Banking & Finance

Ambac Skips Bond Interest, Default & Bankruptcy Closer (ABK)

Ambac Financial Group, Inc. (NYSE: ABK) is signaling that the company is on the verge of implosion, which is not real shock if you have been following the situation since the financial meltdown.  The company had already warned that bankruptcy was a possibility.  An SEC filing from this morning shows that Ambac’s board of directors voted against making a regularly scheduled interest payment on a bond issue.

The decision was reached on Friday on its 7.50% debentures due May 1, 2023 and the interest payment was scheduled to be made this morning (NOV. 1).

Ambac has 30 days to pay the interest, otherwise there is a default and the holders of the notes will be able to accelerate the maturity of the notes.

As of June 30, 2010, Ambac had total indebtedness of $1,622 million. More importantly, the next scheduled payment of interest is November 15, 2010.

The troubled insurer noted that it has has been unable to raise additional capital as an alternative to seeking bankruptcy protection.  Ambac is now seeking to restructure its outstanding debt through a prepackaged bankruptcy proceeding.  Here is the biggie and the issue that would likely create a goose-egg for holders of the common stock: “If the Company is unable to reach agreement on a prepackaged bankruptcy in the near term, it intends to file for bankruptcy under Chapter 11 of the United States Bankruptcy Code prior to the end of the year. Such filing may be with or without agreement with major creditor groups concerning a plan of reorganization. The filing for bankruptcy protection would accelerate the maturity of all of the Company’s indebtedness.”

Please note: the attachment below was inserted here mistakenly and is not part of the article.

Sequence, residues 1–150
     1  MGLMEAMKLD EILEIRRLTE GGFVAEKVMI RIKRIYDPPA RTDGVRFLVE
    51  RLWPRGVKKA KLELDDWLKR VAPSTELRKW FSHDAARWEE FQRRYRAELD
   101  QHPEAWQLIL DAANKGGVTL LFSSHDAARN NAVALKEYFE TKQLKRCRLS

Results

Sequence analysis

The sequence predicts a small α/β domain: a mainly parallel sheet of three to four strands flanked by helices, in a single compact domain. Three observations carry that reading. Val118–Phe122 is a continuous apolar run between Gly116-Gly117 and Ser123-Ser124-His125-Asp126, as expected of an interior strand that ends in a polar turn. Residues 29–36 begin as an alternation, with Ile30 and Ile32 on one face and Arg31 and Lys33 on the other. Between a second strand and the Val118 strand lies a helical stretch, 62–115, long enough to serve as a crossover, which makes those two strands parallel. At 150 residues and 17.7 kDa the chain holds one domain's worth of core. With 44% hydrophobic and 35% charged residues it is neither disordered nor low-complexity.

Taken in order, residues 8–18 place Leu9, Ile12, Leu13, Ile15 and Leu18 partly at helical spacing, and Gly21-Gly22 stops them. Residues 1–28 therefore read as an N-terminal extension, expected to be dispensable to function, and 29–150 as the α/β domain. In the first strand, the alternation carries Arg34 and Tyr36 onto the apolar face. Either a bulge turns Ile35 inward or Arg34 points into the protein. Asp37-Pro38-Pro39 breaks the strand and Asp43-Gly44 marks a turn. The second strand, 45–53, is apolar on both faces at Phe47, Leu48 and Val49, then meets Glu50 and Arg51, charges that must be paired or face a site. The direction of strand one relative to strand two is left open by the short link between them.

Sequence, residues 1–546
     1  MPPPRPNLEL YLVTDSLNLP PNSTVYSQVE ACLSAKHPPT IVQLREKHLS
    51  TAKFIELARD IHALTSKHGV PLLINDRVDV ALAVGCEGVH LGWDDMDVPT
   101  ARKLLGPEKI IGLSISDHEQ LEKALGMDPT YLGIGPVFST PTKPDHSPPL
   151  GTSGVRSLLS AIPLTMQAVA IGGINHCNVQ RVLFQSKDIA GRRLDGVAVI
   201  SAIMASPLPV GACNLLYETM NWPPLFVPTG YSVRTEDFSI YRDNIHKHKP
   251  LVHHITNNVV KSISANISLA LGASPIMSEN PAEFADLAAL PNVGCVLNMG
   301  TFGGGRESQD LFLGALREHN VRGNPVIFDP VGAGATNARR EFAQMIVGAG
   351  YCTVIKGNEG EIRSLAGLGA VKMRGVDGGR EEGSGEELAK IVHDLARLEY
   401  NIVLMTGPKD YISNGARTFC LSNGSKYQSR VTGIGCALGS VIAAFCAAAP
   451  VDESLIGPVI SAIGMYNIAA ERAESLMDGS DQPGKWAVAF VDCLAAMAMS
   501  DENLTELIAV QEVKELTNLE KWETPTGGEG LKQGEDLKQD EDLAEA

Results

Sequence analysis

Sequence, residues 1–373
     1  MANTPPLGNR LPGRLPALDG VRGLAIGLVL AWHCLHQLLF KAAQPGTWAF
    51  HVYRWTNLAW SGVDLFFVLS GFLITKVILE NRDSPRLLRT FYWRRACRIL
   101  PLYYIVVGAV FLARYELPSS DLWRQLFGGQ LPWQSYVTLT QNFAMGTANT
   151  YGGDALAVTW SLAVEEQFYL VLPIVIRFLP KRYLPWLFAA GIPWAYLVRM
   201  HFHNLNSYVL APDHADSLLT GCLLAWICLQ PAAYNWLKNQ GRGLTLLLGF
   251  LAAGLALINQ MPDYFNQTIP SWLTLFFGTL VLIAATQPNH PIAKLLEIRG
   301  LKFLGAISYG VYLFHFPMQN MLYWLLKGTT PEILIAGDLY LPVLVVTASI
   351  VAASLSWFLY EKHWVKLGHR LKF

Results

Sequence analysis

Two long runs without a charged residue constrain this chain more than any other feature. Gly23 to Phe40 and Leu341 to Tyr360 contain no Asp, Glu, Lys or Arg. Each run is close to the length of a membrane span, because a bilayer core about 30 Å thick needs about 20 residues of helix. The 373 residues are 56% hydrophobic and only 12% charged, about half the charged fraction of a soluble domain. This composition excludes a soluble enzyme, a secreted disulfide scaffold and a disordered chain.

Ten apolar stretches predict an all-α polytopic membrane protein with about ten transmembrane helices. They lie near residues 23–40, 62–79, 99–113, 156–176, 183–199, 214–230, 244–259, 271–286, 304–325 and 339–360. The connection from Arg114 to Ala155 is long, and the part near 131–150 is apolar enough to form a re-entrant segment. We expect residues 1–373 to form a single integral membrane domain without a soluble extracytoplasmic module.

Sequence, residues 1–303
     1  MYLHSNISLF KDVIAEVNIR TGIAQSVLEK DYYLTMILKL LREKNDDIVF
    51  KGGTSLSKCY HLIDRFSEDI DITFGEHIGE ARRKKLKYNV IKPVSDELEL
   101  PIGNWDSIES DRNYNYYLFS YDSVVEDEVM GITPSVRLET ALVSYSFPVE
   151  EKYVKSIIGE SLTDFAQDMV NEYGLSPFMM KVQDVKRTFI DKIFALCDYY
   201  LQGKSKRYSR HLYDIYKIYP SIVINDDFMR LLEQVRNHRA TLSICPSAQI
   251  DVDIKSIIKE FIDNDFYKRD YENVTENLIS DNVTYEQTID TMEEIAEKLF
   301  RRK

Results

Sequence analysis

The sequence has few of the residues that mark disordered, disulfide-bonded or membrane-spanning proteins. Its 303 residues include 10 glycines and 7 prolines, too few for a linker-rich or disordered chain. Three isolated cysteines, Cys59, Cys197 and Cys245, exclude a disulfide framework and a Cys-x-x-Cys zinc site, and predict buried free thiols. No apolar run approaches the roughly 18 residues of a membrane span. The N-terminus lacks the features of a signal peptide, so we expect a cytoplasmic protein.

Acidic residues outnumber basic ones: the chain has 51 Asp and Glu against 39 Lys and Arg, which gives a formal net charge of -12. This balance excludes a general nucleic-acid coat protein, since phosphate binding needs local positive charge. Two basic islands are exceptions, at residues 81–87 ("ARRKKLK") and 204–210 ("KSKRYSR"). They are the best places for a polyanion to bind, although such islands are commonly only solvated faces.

Ambac also listed that it has an estimated $7.0 billion net operating loss tax carry forward, although that asset could greatly change in a change of control.

Some companies are able to pull rabbits out of the hat and keep surviving.  While Ambac’s fate has not sealed, holders of common stock need to be reminded that it is the debt holders rather than the common stock holders who usually have a say in the bankruptcy process.  It is also usually the debt holders who emerge as the new owners after a Chapter 11 process.  Bankruptcy does not always wipe out the common holders.  That is just usually the case.

Ambac had recently gained some interest before selling off in hopes that it could take back money from some banks who were involved in mortgage fraud in the current foreclosure and mortgage fraud mess you have seen over the most recent weeks.  Shares closed at $0.83 on Friday, but the stock is down 43% at $0.47 this morning on almost 4 million shares with more than an hour remaining before the stock market even opens.  The 52-week range is $0.40 to $3.39, and the stock was exponentially higher back before the mortgage mess and before the financial meltdown.

JON C. OGG